What to do with this weird yarn…

I picked up a couple of skeins of mystery yarn at Big Lots a couple of years ago. It’s Gala yarn, which seems to be a hodgepodge of (maybe) big name brand yarn that is slightly irregular, or discontinued..or something like that. Sometimes Gala yarn is weird and sometimes it is gross and sometimes it is nice. I’ll classify this as weird.  🙂

mystery yarn 1

It’s a light yellowish color (or maybe a very pale lime green) and it looks like cotton crochet thread with caterpillar-like clumps of sparkly fluff. Does that sound weird? It might be a little weird. The thready part does not feel like cotton. It feels like acrylic to me. The fluffy parts feel like polyester, and I suppose the sparkly bits are nylon.

I’ve played with it a bit and decided to crochet a big double crochet rectangle.  Very complex, I know! And then I’ll turn the rectangle into a shrug or something. My daughter is into shrugs right now because her school does not allow tank tops. With a shrug, she can wear her tank top but have herself technically covered. It’s a bit of a dance because we live in North Carolina and it gets hot long before the schools are allowed to turn on the air conditioning. So she needs to stay cool, but covered.

mystery yarn 2

I’ll keep working on this as a just-before-bed project. So far, I’m having trouble deciding if this is fun and artsy, or if it looks like a cat mauled it and then rolled it in lint. Maybe a little of both.

More of those crochet basket bowls, DIY fabric yarn tutorial


I have been knocking together a few more of those baskets.  Sometimes I make them into bowls.  It’s a great way to use up my knit fabric stash, and they make nice gifts.

I found the pattern that got me started.  It’s here on Ravelry.

I make my own yarn out of knit fabric.  I don’t remember how I learned to make it, so I’ll just show you what I do.

First I dig out a piece of knit fabric.  I sometimes use funny-looking polyester knits from way back when.  This light blue is a great example of that.


Sometimes I get lucky and have a piece of fabric that’s in a tube.  Other times I sew it together.  I sewed this one.  It has a sort of basketweave patchwork pattern knit right into the fabric.  Somehow I got a little goofy about that, and I felt like I needed to match the pattern when I sewed it.  Of course the fabric was cut crooked when I got it.  I would have evened that out anyway, but I went a bit overboard with the matching because of the pattern.  That’s just me though.

Instead of a regular seam, I overlapped the fabric to sew it.  It just seemed (seamed, get it?  Get it?) smoother to me for when I crocheted later.  That’s probably not important.  It is important to use a stitch for knits, because a plain straight stitch could come unraveled when you cut through the seam.  And then your yarn comes undone, which is a pain.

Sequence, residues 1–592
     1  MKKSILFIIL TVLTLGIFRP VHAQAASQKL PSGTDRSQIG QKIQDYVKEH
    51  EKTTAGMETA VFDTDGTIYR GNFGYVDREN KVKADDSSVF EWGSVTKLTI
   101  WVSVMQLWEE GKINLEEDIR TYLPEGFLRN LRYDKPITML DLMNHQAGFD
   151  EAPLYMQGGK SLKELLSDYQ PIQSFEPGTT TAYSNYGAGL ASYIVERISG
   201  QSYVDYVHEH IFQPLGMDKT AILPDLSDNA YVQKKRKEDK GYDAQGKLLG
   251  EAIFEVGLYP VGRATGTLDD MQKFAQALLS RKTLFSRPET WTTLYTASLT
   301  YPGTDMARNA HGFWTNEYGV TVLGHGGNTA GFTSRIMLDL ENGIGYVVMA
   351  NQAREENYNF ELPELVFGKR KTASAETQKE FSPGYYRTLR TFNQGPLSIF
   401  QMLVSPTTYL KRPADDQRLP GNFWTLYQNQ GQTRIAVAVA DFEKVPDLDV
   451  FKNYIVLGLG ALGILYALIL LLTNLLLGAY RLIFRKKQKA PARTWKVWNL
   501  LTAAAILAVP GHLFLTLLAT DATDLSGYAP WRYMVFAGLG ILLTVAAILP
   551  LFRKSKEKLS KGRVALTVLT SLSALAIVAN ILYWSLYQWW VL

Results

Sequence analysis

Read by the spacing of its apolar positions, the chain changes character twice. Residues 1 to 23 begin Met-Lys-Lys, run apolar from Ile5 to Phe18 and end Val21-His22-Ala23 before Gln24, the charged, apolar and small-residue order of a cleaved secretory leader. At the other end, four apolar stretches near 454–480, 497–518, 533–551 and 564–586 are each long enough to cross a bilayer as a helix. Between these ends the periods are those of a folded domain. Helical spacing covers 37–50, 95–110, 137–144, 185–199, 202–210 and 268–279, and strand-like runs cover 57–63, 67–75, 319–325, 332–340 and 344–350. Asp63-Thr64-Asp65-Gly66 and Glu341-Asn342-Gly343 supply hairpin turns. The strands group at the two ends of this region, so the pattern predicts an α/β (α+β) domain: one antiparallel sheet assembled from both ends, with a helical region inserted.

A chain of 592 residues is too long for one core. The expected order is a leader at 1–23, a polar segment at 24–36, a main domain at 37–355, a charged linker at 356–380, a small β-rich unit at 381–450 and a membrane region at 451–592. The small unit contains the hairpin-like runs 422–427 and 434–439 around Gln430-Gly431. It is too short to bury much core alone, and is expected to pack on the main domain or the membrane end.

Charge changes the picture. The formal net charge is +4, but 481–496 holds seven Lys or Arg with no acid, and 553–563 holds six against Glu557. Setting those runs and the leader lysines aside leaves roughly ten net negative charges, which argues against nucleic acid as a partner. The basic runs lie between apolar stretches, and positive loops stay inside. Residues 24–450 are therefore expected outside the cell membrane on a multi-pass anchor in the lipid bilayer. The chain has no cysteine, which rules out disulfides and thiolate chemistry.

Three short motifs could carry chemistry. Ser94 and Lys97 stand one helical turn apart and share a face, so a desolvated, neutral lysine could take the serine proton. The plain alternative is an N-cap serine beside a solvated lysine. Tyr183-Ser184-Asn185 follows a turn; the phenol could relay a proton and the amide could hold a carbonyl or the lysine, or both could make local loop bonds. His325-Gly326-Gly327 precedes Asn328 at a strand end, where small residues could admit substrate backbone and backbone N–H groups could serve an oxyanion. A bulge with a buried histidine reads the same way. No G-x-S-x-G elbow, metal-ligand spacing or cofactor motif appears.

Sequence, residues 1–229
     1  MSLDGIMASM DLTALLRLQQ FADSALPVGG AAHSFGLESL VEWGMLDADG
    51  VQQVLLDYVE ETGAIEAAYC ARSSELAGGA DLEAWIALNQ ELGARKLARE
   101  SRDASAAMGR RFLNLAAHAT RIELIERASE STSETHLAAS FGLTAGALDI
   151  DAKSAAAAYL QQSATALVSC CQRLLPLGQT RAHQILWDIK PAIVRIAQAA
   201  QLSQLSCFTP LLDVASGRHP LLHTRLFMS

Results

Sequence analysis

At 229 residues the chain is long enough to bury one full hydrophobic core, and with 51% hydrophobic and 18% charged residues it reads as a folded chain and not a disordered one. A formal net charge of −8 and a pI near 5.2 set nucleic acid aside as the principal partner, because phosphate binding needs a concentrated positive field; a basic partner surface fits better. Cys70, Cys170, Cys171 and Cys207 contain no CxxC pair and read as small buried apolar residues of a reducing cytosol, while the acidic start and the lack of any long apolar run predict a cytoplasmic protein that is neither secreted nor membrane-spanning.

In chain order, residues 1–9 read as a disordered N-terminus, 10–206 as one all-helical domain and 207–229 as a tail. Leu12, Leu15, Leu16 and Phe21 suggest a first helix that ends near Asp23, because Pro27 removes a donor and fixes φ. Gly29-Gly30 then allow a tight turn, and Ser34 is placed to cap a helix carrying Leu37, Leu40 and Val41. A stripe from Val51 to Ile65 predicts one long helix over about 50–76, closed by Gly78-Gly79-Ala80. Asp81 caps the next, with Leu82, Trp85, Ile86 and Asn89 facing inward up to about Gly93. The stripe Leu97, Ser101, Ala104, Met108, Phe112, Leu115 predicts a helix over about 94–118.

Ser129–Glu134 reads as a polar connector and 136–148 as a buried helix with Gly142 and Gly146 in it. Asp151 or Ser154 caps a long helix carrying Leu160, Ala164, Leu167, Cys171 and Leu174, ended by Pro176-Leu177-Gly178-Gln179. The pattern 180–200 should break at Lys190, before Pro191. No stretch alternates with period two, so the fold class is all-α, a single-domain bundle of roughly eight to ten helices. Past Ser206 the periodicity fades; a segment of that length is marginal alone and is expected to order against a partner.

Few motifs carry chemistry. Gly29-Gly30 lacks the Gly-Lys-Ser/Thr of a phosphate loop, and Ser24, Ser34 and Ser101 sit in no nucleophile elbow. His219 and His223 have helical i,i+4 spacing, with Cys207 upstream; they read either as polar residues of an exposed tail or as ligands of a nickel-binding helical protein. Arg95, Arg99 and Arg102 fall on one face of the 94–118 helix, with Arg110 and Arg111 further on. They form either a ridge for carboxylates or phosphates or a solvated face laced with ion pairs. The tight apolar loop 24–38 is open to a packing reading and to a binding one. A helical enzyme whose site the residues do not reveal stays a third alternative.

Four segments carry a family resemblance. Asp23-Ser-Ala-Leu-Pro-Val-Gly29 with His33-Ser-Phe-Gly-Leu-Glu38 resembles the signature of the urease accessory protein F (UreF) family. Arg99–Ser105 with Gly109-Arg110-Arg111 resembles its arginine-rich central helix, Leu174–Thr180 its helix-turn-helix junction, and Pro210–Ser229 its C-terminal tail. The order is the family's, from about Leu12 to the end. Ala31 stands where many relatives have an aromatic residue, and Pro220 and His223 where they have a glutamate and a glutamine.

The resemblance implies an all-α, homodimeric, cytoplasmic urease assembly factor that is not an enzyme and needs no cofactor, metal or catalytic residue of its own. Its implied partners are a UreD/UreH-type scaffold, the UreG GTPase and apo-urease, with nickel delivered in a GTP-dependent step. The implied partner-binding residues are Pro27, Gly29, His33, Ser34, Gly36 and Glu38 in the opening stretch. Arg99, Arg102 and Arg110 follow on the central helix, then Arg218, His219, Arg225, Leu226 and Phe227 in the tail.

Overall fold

Then I laid the fabric on the mat and used my 2 inch ruler to cut it into strips.  The seam I made is along the left edge.  I know it looks funny.  I turned the photo so that it was consistent with the photo above so you could figure out what I was doing.


I cut strips across the fabric, leaving about 2 or 3 inches uncut on that left edge near the seam.

Did it bother me that the pattern in the fabric was just a little under 2 inches?  No silly, of course not.  Not much.  Just a little bit.  But I got over it because I am a grownup.


Then I turned it and sort of opened it up.  This is what it looked like.  Like a monster with lots of arms. Arms that are loops.  It looked weird, but that’s normal.


Then I started cutting.  I made diagonals from the top of the strip on the right to the bottom of the strip on the left.  I did that all the way up the fabric.



See?  Like this.


It got to be a massive amount!


If I use more cottony fabrics, when I stretch the strips, they roll into that nice t-shirt yarn you see all over the place.  Not so with this polyester.  That’s OK.  It just makes bulky yarn.  I rolled it into a giant ball.  Sorry, I don’t have a photo of that.



I got out my enormous crochet hook.  I bought it at a thrift store and it doesn’t have a size on it.  It’s about as thick as one of my fingers.

And then I crocheted this bowl.  Fun, huh?

As soon as I finished the bowl, I spilled my coffee all over it.  I tossed it in the washing machine and dryer, and it came out great.  Ahhhh, polyester!


Here’s one in a very soft pink.  I used a thin cottony knit fabric like a thin t-shirt.  I cut 1 inch strips instead of the thicker ones for the blue bowl above.

Some people make their yarn without a seam even if they don’t start with a tube.  They cut the fabric differently.  I’m lazy, so I do it the lazy way.

You can use almost any kind of fabric to make yarn like this.  Knits are nice because the edges don’t come unraveled like most woven fabrics do.  If you’ve got one of those knit bed sheets and someone’s giant scraggly toenails poked a hole in it, you can cut it up and make yarn.  Wash it first, for pity’s sake!  Lots of people make yarn like this out of old t-shirts too.

Thanks for looking!